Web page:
I’m forecasting an extended out-of-stock period this summer for the Wombat ADB-USB Keybord/Mouse Converter. One of the Wombat’s parts is currently out of stock everywhere, and the manufacturer is advertising 16 weeks lead time for delivery of more parts. There are still enough Wombats on hand to cover a few more weeks of typical sales volume, but then it will probably be October before more are available. If you’ve been considering getting a Wombat, you should order it now or be prepared to wait until autumn.

The Wombat is a bidirectional ADB-to-USB and USB-to-ADB converter for keyboards and mice.

  • Connect modern USB keyboards and mice to a classic ADB-based Macintosh, Apple IIgs, or NeXT
  • Connect legacy ADB input hardware to a USB-based computer running Windows, OSX, or Linux

No special software or drivers are needed – just plug it in and go. Now you can finally use a modern optical mouse with your vintage Macintosh, or amuse your coworkers with a retro ADB keyboard on your work machine. ADB-USB Wombat is an indispensable tool for Apple collectors and enthusiasts.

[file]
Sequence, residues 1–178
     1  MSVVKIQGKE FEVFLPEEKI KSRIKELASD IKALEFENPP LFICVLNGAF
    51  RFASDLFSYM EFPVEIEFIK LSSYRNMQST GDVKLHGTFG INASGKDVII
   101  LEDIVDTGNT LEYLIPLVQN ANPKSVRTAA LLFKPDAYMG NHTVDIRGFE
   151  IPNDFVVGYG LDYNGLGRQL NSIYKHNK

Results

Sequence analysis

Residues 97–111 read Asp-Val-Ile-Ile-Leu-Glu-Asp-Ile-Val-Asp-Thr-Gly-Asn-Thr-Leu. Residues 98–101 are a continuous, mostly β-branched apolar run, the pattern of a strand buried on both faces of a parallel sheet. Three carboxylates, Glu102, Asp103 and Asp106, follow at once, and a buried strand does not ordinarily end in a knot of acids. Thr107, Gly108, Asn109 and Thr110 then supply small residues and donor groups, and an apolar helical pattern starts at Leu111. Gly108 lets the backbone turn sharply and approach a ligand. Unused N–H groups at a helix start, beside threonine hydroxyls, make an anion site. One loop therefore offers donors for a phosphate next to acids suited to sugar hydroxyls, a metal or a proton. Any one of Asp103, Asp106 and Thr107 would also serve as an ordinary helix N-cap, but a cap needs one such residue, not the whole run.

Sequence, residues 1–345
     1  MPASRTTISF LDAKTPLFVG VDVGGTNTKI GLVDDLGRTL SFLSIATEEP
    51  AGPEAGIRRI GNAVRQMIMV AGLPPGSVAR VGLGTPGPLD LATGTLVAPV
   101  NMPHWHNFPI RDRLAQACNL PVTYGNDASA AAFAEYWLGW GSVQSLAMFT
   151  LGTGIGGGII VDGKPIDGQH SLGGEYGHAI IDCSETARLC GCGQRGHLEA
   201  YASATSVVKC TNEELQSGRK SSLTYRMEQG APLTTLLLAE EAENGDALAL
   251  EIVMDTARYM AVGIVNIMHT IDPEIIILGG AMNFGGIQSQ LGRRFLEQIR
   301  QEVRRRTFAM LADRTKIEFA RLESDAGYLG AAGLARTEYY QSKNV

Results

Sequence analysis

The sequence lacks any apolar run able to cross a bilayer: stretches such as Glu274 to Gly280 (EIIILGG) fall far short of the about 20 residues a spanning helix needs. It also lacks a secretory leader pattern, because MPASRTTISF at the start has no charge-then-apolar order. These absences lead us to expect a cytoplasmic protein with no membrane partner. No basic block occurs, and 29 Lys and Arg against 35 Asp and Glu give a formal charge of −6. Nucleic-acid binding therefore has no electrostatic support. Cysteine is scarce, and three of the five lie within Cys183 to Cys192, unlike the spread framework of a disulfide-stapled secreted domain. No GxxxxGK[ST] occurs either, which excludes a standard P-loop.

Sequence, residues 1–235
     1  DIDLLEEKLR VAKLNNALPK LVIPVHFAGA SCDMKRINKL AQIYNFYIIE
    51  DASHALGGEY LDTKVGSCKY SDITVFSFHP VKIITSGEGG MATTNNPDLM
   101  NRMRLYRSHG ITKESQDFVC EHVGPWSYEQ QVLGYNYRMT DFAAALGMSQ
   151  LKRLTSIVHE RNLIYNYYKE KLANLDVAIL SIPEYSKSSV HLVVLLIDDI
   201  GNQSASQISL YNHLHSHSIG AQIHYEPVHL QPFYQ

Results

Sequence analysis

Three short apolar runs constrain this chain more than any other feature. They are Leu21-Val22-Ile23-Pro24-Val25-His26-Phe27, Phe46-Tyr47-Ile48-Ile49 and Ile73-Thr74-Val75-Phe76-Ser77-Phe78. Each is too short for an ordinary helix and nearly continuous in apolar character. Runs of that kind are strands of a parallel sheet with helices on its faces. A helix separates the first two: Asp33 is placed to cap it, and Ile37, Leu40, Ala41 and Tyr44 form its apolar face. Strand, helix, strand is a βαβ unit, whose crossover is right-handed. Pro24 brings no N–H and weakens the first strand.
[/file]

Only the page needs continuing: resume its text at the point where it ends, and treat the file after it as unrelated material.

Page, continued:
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ADB-USB Wombat Converter Back in Stock

The Wombat ADB-USB input converter is now back in stock at the BMOW Store. All pending Wombat back-orders will be shipped during the next few days.

What’s a Wombat? The Wombat is a bidirectional ADB-to-USB and USB-to-ADB converter for keyboards and mice, and was developed by Steve Chamberlin here at Big Mess o’ Wires. For more details, please see the product description page.

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ADB-USB Wombat Firmware Update

  

Version 0.3.1 firmware for the ADB-USB Wombat is now available. The Wombat is a bidirectional ADB-to-USB and USB-to-ADB converter for keyboards and mice. It enables the use of modern USB peripherals on vintage ADB-based Apple or NeXT computers, or ADB peripherals on modern machines equipped with USB. The Wombat is great for breathing new life into your vintage hardware collection.

Firmware 0.3.1 fixes a small but important bug that affected a small number of USB-equipped Macs that were built between 1998-2003, including some G3/G4 models of iMac, iBook, Powerbook, and Power Macintosh. ADB-to-USB conversion worked normally on these computers when running OS X, but they were unable to detect the keyboard when running MacOS 9. The reverse USB-to-ADB keyboard conversion worked normally under both MacOS 9 and OS X. If you weren’t affected by this bug, there’s no need to update your Wombat and you can safely stay with firmware version 0.3.0.